The floodplain, a great landscape

Published on 13 April 2017 - Updated 16 November 2018

The history and interpretation of a river landscape is always a work in progress.

A river’s floodplain is the area it occupies or once occupied at its highest water level. Geographer Louis-Marie Coyaud is here to give us a presentation of the Loire’s floodplain, starting with the geological time scale.
“The original floodplain, I mean at the period we can really speak of the Loire as a wild river, stretched from one hillside to the other; that’s to say, from northern to southern hillside – a river that could be 2, 3, 4 or more kilometres wide.”
Rivers shape landscapes by sculpting their physical geography.
“We have what you might call a geological remnant of the earlier period – the shape of the valley itself. It’s a simple enough layout, a large U-shaped valley with a bump in the middle topped with houses and farms. The low areas to the north and south are the Loire’s former branches, one still occupied by the river and the other by the Cher, with a higher area between the two that was once a series of islands, where the city of Tours came to be built; people settled upstream and downstream alike – Saint-Pierre-des-Corps, La Riche, and all the little municipalities lying alongside the river, they’re beside it because it’s higher there than further away.”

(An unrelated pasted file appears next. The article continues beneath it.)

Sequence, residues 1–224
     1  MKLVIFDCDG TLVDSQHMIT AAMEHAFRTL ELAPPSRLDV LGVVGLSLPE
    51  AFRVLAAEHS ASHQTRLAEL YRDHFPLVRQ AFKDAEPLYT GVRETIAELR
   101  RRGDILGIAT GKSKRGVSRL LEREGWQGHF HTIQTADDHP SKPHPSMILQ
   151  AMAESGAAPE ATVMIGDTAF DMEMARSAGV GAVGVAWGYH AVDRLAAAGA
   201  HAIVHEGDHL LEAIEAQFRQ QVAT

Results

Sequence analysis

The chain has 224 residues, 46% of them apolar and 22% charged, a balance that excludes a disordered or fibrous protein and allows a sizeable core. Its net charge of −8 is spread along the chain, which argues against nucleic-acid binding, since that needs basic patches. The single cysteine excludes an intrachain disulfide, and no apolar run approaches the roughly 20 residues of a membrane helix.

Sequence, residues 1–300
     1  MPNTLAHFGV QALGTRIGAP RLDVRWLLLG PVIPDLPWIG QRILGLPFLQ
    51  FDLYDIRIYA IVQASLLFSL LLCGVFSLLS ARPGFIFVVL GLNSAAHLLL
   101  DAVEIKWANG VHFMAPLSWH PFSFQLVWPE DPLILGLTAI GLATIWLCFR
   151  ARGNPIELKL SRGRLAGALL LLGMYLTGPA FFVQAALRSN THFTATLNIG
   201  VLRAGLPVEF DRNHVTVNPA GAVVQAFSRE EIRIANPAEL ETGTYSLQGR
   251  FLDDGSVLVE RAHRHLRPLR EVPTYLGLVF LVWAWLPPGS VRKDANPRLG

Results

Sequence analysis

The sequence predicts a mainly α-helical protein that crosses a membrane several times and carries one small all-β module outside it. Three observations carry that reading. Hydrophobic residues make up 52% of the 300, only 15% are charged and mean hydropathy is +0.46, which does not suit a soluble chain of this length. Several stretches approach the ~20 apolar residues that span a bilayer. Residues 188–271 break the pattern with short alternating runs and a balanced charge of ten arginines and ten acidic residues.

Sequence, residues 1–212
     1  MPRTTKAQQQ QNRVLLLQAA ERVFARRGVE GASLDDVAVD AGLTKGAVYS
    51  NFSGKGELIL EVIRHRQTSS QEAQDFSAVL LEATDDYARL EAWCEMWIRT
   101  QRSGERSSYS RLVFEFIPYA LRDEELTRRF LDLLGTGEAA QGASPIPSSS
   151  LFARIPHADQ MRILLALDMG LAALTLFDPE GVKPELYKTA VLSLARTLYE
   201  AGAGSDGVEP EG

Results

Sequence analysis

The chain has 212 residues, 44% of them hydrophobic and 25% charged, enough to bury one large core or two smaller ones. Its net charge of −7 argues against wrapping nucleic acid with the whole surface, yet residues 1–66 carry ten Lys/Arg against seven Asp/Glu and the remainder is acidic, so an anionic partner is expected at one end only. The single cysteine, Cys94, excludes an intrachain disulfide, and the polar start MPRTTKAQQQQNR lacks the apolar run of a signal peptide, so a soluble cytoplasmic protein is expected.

As natural areas became inhabited areas.
“All humanised landscapes are cultural landscapes. We were responsible for exploiting the environment’s potential, the great valley I’ve just spoken of – it’s a geological inheritance. A second stratum is the landscape bequeathed by the peasant-farming era, when the land was worked as economic outlets demanded.
And then comes a contemporary period, during which a number of assets are downgraded, such as the use of low areas as grassland, as we now use very little fodder compared with bygone days, and then there are the areas you can’t build on because flood risks are too high. So we’ve got a whole set of three combinations, periods, combining to create ever more complex landscapes.”